PIA17928: Shapes and Spots on a Polar Sand Dune
Target Name: Mars
Is a satellite of: Sol (our sun)
Mission: Mars Reconnaissance Orbiter (MRO)
Spacecraft: Mars Reconnaissance Orbiter (MRO)
Instrument: HiRISE
Product Size: 2880 x 1800 pixels (width x height)
Produced By: University of Arizona/HiRise-LPL
Other Information: Other products from image ESP_034441_2565
Full-Res TIFF: PIA17928.tif (15.56 MB)
Full-Res JPEG: PIA17928.jpg (858 kB)

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This image shows numerous dark shapes and bright spots on a sand dune in the Northern polar regions of Mars.

The bright spots are carbon dioxide frost. On Mars, the main atmospheric component is carbon dioxide, which circulates seasonally between the atmosphere and the polar regions. One of the reasons that permit this process is the fact that temperatures on Mars are much colder than on Earth, which allows carbon dioxide frost to condense on the surface in winter.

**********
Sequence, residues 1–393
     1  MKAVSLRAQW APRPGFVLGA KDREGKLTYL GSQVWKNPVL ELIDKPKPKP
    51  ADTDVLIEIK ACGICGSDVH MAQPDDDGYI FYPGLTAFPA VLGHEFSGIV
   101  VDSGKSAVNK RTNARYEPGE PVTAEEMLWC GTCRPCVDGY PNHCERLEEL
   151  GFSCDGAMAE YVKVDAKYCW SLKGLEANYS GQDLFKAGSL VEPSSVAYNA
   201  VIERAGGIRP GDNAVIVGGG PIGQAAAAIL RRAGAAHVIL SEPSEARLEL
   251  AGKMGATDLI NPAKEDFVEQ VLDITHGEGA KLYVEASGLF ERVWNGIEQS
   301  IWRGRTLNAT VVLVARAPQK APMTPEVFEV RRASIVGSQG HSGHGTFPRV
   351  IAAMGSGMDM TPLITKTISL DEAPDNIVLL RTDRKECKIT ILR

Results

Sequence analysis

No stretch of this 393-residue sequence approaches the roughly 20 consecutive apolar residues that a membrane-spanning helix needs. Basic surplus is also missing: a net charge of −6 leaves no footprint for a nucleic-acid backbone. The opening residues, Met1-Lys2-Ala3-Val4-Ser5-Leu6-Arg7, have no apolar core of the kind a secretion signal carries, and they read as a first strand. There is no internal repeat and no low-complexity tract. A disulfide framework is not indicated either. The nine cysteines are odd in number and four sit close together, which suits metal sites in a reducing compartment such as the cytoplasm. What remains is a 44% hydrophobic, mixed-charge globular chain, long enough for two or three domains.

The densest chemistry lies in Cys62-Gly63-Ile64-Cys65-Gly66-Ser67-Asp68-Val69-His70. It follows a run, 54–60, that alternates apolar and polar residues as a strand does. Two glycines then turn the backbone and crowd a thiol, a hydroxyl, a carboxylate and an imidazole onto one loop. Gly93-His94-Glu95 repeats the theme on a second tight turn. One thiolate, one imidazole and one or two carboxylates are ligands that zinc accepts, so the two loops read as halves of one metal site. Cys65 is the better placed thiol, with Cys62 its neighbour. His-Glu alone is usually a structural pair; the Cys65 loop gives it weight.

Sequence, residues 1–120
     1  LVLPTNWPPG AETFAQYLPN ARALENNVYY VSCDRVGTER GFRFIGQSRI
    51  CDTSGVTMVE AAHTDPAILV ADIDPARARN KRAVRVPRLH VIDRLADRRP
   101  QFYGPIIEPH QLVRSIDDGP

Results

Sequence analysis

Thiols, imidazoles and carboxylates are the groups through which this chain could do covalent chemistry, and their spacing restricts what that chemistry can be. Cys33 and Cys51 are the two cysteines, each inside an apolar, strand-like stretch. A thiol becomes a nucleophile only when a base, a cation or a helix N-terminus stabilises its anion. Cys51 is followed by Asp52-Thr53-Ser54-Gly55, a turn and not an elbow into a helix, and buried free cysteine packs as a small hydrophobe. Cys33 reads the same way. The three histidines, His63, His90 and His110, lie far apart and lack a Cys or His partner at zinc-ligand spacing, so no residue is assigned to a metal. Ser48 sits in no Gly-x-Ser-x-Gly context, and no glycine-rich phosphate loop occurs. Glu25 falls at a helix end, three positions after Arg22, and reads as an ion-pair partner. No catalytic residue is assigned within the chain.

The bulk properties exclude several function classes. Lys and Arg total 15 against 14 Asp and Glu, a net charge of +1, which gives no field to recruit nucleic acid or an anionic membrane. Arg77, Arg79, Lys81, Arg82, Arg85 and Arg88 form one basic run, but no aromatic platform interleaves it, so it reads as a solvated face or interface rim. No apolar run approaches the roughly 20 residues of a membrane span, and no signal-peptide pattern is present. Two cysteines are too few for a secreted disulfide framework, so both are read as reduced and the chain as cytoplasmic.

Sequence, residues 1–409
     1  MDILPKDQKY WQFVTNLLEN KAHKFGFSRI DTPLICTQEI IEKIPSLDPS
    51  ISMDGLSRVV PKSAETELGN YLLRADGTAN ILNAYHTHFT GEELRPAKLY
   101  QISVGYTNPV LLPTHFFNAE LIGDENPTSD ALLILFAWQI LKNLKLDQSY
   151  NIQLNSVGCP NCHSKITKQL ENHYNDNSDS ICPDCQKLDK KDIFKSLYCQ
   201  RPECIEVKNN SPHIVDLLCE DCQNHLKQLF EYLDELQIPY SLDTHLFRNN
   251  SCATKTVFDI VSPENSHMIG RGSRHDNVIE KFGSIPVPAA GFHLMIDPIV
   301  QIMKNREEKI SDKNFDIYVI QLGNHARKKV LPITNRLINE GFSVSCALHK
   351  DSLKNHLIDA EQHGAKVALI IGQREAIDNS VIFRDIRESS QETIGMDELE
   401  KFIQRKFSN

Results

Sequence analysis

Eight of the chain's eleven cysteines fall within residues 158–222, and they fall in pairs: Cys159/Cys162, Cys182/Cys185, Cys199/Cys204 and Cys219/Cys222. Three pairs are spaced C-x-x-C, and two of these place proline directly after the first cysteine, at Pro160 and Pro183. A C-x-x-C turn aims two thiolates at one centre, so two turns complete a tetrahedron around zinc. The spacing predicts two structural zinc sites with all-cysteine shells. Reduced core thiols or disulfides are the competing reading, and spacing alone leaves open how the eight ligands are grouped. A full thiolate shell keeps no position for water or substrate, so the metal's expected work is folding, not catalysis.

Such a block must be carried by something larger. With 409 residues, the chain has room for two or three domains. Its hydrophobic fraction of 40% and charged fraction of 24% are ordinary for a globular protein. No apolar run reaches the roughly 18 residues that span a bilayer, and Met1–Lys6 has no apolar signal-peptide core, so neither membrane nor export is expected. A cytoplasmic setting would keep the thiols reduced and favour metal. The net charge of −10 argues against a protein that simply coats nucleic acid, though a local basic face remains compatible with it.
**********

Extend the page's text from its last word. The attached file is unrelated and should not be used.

When spring comes however, the surface heats up and the carbon dioxide frost eventually sublimates (turns directly from the solid to the vapor state), and forms jets of carbon dioxide mixed with dust, leading to the formation of the dark features we see in the image.

Such processes occur seasonally on Mars, and therefore are continuously being monitored by the HiRISE scientists to assess the differences from one year to the next.

HiRISE is one of six instruments on NASA's Mars Reconnaissance Orbiter. The University of Arizona, Tucson, operates the orbiter's HiRISE camera, which was built by Ball Aerospace & Technologies Corp., Boulder, Colo. NASA's Jet Propulsion Laboratory, a division of the California Institute of Technology in Pasadena, manages the Mars Reconnaissance Orbiter Project for the NASA Science Mission Directorate, Washington.

Image Credit:
NASA/JPL-Caltech/Univ. of Arizona

Image Addition Date:
2014-02-22